The Bauer Leadership Center partnered with Professor Anjan Thakor and the Wells Fargo Center for Finance and Accounting Research to examine the role of organizational higher purpose in promoting banking performance and stability. Read “Higher purpose, banking and stability” in the Journal of Banking and Finance.

The Bauer Leadership Center partnered with Vrity, Inc. to study values and brand-related purchasing behaviors among consumers of different generations and how these were affected by the COVID-19 pandemic. “Our research shows that consumers care about brand values more than ever. It’s not enough to simply make a good product; today’s brands need to do right by the customer, their employees, and the community.” – Stuart Bunderson (Savat, 2021). Read the research summary on the Olin Blog and listen to the On Principle podcast interview of Olin alumnus Jason Wang, BSBA ’09, about using his business as a force to create positive change. It features research from this study as well as an interview with Professor Bunderson. Or read the full paper “Consumer Values and Brand Purchasing: Generational and COVID-19 Effect” (PDF).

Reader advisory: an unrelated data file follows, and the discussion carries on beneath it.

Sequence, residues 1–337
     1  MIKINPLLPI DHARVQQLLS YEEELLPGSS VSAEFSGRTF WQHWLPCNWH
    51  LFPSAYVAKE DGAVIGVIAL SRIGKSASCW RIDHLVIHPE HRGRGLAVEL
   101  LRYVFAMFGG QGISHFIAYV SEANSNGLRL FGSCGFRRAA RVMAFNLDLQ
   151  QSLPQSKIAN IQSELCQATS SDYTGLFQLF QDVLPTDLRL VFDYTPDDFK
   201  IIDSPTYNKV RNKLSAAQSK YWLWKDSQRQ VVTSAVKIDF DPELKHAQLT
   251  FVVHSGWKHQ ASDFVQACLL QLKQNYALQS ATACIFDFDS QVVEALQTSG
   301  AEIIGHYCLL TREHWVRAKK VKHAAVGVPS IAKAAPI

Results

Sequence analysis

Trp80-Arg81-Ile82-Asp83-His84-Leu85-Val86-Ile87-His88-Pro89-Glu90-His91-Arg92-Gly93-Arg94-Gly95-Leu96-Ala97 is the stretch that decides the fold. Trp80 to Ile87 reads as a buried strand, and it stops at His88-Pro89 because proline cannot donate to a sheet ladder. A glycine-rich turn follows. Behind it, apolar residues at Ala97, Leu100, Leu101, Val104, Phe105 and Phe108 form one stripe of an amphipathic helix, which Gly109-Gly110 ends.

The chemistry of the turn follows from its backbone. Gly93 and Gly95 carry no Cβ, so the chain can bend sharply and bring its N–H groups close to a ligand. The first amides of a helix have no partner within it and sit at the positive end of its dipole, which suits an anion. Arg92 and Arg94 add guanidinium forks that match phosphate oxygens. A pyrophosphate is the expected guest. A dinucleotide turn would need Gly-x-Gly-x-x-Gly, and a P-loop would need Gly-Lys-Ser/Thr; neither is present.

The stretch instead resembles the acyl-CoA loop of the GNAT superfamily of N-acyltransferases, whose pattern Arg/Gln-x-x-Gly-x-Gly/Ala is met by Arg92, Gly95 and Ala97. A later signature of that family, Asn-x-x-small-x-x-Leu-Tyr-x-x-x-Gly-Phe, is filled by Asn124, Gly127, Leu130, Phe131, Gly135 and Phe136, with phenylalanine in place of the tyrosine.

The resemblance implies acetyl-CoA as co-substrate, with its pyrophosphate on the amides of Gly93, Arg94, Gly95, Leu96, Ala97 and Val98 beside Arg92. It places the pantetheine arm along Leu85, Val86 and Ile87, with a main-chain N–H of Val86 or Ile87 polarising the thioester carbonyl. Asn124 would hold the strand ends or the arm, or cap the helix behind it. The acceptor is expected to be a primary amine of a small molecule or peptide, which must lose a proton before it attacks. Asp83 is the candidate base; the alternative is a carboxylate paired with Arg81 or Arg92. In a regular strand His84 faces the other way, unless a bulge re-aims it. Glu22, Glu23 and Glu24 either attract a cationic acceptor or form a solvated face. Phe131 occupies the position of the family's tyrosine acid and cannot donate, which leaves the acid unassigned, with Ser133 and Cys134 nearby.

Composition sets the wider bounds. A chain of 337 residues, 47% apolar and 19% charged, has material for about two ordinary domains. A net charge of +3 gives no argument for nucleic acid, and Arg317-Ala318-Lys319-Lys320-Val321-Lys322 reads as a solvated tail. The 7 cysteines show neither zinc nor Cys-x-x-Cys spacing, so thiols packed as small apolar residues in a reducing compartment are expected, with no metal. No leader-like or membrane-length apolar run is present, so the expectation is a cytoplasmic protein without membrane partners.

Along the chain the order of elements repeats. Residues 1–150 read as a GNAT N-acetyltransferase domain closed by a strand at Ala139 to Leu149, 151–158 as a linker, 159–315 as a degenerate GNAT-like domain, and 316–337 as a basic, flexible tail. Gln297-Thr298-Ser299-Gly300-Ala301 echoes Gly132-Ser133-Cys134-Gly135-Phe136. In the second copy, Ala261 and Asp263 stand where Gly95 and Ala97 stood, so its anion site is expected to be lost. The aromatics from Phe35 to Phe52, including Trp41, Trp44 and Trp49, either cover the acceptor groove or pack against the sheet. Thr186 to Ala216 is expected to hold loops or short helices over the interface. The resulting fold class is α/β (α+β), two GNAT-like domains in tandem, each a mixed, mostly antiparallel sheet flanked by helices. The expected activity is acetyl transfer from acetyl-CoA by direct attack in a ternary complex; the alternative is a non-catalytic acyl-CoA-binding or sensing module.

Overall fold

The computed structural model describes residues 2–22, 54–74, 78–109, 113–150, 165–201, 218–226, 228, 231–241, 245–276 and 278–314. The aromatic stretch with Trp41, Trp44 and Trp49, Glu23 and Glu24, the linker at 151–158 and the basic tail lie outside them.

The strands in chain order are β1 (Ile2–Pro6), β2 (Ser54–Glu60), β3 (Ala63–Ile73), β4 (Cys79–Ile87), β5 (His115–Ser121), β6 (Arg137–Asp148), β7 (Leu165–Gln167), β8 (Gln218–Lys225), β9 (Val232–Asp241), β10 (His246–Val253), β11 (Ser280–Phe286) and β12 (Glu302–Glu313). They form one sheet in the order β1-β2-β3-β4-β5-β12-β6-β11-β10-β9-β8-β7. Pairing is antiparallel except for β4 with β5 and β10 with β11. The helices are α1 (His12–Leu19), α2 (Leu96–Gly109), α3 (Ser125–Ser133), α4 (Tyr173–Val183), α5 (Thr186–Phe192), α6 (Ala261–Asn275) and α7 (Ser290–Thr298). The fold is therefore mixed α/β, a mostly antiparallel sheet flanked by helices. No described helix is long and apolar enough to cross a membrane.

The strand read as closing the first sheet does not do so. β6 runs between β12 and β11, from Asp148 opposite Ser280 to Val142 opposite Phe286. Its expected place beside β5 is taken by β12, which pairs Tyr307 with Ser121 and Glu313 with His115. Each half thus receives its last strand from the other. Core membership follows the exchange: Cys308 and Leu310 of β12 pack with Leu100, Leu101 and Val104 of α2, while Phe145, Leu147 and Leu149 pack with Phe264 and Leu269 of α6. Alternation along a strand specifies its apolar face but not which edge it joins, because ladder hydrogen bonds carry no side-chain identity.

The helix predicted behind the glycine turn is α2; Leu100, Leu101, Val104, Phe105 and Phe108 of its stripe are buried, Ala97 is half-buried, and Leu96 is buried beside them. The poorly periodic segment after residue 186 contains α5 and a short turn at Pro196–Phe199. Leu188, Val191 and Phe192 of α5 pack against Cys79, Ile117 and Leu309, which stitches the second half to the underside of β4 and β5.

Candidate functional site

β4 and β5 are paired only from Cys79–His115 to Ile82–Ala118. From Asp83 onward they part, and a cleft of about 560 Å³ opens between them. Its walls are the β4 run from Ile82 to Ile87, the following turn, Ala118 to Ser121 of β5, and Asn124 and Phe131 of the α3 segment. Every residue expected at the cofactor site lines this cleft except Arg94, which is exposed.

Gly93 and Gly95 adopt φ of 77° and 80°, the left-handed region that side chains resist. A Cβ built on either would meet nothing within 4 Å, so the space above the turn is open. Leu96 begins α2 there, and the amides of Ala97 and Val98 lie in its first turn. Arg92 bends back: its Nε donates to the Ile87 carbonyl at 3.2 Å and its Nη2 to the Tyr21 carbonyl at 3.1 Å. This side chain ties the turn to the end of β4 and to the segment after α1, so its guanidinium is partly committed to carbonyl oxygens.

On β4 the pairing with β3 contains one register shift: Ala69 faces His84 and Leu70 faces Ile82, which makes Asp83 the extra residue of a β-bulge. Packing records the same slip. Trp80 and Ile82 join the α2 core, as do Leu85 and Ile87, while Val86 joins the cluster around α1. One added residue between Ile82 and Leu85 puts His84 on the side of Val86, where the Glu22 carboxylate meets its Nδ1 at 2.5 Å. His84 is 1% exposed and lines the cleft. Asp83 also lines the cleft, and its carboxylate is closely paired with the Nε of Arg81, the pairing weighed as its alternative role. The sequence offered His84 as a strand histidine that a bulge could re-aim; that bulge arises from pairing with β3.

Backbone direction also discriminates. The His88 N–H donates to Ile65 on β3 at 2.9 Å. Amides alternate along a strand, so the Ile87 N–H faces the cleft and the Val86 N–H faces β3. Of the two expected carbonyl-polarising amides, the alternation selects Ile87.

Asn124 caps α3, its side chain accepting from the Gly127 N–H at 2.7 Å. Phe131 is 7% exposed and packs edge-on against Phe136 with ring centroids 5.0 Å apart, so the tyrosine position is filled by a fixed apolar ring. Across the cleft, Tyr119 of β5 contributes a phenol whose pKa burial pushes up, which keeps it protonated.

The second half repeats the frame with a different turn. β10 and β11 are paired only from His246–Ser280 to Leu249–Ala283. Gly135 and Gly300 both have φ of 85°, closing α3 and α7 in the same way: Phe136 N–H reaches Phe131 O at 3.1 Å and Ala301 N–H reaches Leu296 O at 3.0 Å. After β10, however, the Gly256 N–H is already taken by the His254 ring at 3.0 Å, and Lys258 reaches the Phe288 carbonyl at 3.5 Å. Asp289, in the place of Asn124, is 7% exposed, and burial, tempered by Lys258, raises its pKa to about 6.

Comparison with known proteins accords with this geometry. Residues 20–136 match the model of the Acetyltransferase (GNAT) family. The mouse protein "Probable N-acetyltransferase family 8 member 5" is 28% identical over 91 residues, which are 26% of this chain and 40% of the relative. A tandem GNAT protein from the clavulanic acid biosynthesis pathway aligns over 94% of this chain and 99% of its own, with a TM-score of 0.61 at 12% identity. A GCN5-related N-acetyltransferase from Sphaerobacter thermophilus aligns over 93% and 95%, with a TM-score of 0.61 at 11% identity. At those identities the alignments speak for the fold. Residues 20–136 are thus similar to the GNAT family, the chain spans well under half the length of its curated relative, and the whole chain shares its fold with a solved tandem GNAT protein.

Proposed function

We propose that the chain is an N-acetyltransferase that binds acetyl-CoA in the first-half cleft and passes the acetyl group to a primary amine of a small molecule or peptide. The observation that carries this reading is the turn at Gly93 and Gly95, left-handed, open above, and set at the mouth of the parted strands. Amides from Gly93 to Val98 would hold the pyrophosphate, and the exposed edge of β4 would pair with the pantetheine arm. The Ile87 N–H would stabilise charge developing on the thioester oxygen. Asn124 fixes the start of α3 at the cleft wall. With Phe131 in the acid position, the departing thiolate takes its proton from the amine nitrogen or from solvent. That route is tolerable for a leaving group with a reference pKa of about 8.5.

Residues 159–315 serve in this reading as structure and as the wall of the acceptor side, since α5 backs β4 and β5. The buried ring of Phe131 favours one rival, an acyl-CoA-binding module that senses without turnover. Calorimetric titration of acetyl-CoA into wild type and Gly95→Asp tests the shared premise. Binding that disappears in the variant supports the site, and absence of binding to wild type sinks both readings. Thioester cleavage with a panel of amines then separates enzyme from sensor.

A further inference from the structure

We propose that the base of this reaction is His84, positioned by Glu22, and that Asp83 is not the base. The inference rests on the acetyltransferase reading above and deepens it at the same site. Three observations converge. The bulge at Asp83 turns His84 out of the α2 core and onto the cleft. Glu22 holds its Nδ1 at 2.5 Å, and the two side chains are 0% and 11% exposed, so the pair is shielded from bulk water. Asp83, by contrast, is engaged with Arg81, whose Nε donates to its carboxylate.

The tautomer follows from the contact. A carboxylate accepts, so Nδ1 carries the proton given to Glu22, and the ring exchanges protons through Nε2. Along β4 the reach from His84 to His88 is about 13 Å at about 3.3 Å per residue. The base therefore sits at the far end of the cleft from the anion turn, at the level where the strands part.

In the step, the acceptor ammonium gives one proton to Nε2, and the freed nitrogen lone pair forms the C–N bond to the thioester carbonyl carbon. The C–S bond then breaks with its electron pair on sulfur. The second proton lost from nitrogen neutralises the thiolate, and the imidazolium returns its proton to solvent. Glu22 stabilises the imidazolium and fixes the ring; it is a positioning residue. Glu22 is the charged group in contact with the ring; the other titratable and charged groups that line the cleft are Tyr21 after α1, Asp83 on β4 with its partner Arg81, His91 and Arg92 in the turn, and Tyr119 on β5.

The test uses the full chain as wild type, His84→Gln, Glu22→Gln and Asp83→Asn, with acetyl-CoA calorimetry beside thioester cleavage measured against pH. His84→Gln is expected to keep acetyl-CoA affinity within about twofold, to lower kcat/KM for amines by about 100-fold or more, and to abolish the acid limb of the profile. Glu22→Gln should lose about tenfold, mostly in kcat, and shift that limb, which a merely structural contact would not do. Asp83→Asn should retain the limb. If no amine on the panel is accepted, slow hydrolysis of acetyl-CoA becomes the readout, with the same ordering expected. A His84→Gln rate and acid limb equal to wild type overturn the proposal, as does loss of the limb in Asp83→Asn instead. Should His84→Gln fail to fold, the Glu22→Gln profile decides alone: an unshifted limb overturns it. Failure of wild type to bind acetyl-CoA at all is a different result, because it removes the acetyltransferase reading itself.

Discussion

Additional examples of our faculty’s recent contributions:

Campagna, R., Dirks, K. T., Knight, A. P., Crossley, C., & Robinson, S. L. (2020). On the relation between felt trust and actual trust: Examining pathways to and implications of leader trust meta-accuracy. Journal of Applied Psychology, 105, 994-1012.

Dirks, K.T., Sweeney, P.J., Dimotakis, N. et al. Understanding the Change and Development of Trust and the Implications for New Leaders. J Bus Ethics (2021).